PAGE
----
The original commercial versions of Sword of Fargoal, released for the Commodore VIC-20 and 64 in the early 1980s (review here), came towards the end of the former system's short, but successful commercial lifespan, and early on in the latter system's long and successful commercial lifespan. While generally considered a critical and commercial success (with the caveat that it was also successfully pirated), its release timing in each case caused it to have a bit more mainstream obscurity than it likely would have had otherwise. Nevertheless, the strength of the game - which is essentially a simplified, randomized dungeon crawl, very much in the tradition of Rogue (though with more real-time elements) - allowed it to have enough impact in the minds of gamers to be mentioned often on "best of" lists and receive several unofficial conversions and updates over the years, even making it as one of the games on the popular Commodore 30-in-1 from a few years back. This brings us to the latest release of the game, and the first official new commercial release since the Commodore 64 version. Matt Barton had the pleasure of speaking with original author Jeff McCord not too long ago, and it was McCord and the rest of the Fargoal LLC team who were kind enough to send me a review code for this version for my iPhone 3G.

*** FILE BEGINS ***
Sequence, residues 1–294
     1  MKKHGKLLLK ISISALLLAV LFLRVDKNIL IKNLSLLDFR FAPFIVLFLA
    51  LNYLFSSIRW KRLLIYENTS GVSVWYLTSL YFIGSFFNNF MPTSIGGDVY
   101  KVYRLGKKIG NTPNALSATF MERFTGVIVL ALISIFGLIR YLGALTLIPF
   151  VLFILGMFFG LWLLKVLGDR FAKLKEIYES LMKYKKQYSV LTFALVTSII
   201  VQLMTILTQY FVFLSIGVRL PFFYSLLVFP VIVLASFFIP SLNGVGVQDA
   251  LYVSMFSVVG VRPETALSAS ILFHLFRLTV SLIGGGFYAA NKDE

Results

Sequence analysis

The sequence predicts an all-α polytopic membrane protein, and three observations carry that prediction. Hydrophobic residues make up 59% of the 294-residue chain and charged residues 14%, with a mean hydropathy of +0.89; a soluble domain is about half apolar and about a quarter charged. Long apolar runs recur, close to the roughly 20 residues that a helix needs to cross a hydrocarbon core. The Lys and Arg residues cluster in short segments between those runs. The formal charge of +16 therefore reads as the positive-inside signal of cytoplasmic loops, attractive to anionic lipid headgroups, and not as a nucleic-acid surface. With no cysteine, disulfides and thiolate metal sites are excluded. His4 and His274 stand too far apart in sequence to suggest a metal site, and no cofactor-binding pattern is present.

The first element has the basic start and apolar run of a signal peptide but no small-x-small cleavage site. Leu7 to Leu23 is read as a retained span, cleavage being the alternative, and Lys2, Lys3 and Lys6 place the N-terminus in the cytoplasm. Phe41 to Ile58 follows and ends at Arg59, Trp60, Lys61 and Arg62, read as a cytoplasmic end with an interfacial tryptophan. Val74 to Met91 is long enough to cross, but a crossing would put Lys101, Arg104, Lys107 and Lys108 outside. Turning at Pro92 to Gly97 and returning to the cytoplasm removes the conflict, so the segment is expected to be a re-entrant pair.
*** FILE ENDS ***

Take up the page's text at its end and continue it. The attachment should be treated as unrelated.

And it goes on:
Upon starting the game, you're greeted with an all too uncommon occurrence in iTouch games--an opening cinematic. Normally, this would be a mere distraction to quickly skip past, but in this case - no doubt due to the skills of Emmy-winning animator, Charlie Canfield - it's a pleasure to behold and a great scene setter for the stylized visuals of the game within. This quality is carried through to the occasional in-game cut scenes. While this is nothing to get the game over all by itself, this is but the first of many examples of the type of TLC that went into this game's creation. Not to be outdone, British composer Daniel Pemberton created a musical score to be reckoned with. Combined with the mix of classic in-game sound effects, aurally the game does not disappoint.